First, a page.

Overview of Michigan Retirement Tax Friendliness
Michigan does not tax Social Security retirement benefits, and it provides a significant deduction on all other types of retirement income. Homeowners pay relatively high property tax rates, but sales taxes are moderate.
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Annual Income from Private Pension
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- Our Tax Expert
Jennifer Mansfield, CPA Tax
Jennifer Mansfield, CPA, JD/LLM-Tax, is a Certified Public Accountant with more than 30 years of experience providing tax advice. SmartAsset’s tax expert has a degree in Accounting and Business/Management from the University of Wyoming, as well as both a Masters in Tax Laws and a Juris Doctorate from Georgetown University Law Center. Jennifer has mostly worked in public accounting firms, including Ernst & Young and Deloitte. She is passionate about helping provide people and businesses with valuable accounting and tax advice to allow them to prosper financially. Jennifer lives in Arizona and was recently named to the Greater Tucson Leadership Program.
Michigan Retirement Taxes
There are many reasons to retire in Michigan. It has the most freshwater coastline of any state besides Alaska, it has beautiful and mild summers, one of the highest number of public golf courses of any state (more than 650) and the rustic wild of the Upper Peninsula. There are also reasons you may not want to retire in the Great Lakes State, particularly the long, cold winters.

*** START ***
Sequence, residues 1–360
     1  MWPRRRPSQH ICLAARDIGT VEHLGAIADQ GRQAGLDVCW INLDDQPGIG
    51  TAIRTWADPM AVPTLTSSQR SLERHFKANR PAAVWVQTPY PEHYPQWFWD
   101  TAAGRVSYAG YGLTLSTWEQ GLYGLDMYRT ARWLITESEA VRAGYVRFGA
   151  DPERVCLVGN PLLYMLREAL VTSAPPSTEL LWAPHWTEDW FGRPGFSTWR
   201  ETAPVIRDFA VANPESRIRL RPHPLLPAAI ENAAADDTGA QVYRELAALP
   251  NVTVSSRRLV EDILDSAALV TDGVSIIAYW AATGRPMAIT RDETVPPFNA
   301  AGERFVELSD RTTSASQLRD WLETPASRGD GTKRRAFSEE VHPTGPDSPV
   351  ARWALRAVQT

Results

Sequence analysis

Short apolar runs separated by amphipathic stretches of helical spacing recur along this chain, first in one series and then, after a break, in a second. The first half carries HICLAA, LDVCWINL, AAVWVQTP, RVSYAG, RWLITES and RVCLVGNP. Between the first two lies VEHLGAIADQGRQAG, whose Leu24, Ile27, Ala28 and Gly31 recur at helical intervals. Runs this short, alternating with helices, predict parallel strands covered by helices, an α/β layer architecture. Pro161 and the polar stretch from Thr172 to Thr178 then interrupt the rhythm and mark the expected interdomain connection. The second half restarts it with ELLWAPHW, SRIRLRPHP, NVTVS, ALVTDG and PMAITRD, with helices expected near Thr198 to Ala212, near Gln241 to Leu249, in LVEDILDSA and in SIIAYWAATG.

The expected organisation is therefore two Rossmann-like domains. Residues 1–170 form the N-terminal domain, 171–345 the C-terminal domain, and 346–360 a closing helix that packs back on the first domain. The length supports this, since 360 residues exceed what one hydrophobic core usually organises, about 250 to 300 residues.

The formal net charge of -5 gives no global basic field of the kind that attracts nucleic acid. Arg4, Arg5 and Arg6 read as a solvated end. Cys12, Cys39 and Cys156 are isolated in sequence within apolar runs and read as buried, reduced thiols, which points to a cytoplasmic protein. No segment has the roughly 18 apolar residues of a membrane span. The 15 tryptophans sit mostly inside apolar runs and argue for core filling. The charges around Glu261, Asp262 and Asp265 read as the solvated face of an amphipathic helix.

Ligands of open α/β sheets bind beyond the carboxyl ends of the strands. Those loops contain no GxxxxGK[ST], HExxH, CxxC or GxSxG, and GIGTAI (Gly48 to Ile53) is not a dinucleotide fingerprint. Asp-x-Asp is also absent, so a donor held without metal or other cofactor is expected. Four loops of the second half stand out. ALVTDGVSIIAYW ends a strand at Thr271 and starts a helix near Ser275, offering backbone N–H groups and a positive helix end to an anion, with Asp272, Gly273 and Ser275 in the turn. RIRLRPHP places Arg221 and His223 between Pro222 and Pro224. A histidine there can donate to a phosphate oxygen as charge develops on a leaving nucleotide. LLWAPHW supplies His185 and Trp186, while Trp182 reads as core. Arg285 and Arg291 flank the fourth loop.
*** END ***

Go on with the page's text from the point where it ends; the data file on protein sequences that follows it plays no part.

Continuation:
And what about Michigan’s tax system? In general, it's a plus. Michigan does not tax Social Security retirement income and provides a relatively large deduction on all other types of retirement income. Homeowners pay somewhat high property tax rates, but sales taxes are manageable.
A financial advisor in Michigan can help you plan for retirement and other financial goals. Financial advisors can also help with investing and financial planning - including taxes, homeownership, insurance and estate planning - to make sure you are preparing for the future.
Is Michigan tax-friendly for retirees?
In short, Michigan is a tax-friendly destination for retirees. It does not tax Social Security and it provides a sizable deduction for seniors on other types of retirement income. Sales taxes are somewhat below average, while property taxes are above average. Michigan does not have an estate tax or an inheritance tax.
Is Social Security taxable in Michigan?
Social Security payments are not taxed in Michigan. Any Social Security retirement income that is considered taxable on your federal income tax return can be subtracted from your Adjusted Gross Income (AGI) when filing your state taxes in Michigan.
Are other forms of retirement income taxable in Michigan?
Yes, but seniors can deduct most or all of this income. The deduction applies to income from retirement savings accounts and pensions. It varies depending on the age of the filer.
Taxpayers born before 1946 are eligible for a deduction against private pension income of $53,759 per person ($107,517 for joint filers) for tax year 2020. These taxpayers can also subtract interest, dividends and capital gains up to $11,495 for single filers and $22,991 for joint filers. Public pension income is completely exempt.
Taxpayers born between 1946 and 1952 can claim a deduction against all income of $20,000 ($40,000 for joint filers). For income from a government pension, that figure is $35,000 for single filers and $55,000 for joint filers ($70,000 for joint filers if each filer has such a pension). Taxpayers born after 1952 can claim the same deductions once they turn 67.
So, if you had $60,000 of 401(k) income and you were born in 1949, you would be able to deduct $20,000 of that income. The remaining $40,000 would be taxed at the Michigan flat income tax rate of 4.25%.
How high are property taxes in Michigan?